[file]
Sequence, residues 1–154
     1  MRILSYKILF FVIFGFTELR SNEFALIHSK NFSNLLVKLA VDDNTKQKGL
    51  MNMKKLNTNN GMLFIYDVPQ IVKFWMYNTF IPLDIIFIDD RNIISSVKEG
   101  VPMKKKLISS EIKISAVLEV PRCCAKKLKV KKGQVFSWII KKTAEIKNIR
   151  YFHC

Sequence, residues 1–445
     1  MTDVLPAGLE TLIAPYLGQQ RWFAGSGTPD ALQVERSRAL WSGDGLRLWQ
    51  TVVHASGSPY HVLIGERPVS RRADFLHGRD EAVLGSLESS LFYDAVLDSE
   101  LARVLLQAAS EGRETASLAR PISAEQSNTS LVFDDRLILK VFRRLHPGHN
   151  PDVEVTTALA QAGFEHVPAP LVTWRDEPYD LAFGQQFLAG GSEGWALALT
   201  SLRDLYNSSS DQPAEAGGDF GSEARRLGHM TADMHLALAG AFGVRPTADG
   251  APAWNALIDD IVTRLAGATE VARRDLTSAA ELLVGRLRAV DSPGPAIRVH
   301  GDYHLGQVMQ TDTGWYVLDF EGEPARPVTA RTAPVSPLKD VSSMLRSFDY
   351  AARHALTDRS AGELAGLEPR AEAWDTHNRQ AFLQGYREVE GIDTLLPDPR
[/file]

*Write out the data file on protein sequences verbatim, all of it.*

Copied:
Sequence, residues 1–154
     1  MRILSYKILF FVIFGFTELR SNEFALIHSK NFSNLLVKLA VDDNTKQKGL
    51  MNMKKLNTNN GMLFIYDVPQ IVKFWMYNTF IPLDIIFIDD RNIISSVKEG
   101  VPMKKKLISS EIKISAVLEV PRCCAKKLKV KKGQVFSWII KKTAEIKNIR
   151  YFHC

Sequence, residues 1–445
     1  MTDVLPAGLE TLIAPYLGQQ RWFAGSGTPD ALQVERSRAL WSGDGLRLWQ
    51  TVVHASGSPY HVLIGERPVS RRADFLHGRD EAVLGSLESS LFYDAVLDSE
   101  LARVLLQAAS EGRETASLAR PISAEQSNTS LVFDDRLILK VFRRLHPGHN
   151  PDVEVTTALA QAGFEHVPAP LVTWRDEPYD LAFGQQFLAG GSEGWALALT
   201  SLRDLYNSSS DQPAEAGGDF GSEARRLGHM TADMHLALAG AFGVRPTADG
   251  APAWNALIDD IVTRLAGATE VARRDLTSAA ELLVGRLRAV DSPGPAIRVH
   301  GDYHLGQVMQ TDTGWYVLDF EGEPARPVTA RTAPVSPLKD VSSMLRSFDY
   351  AARHALTDRS AGELAGLEPR AEAWDTHNRQ AFLQGYREVE GIDTLLPDPR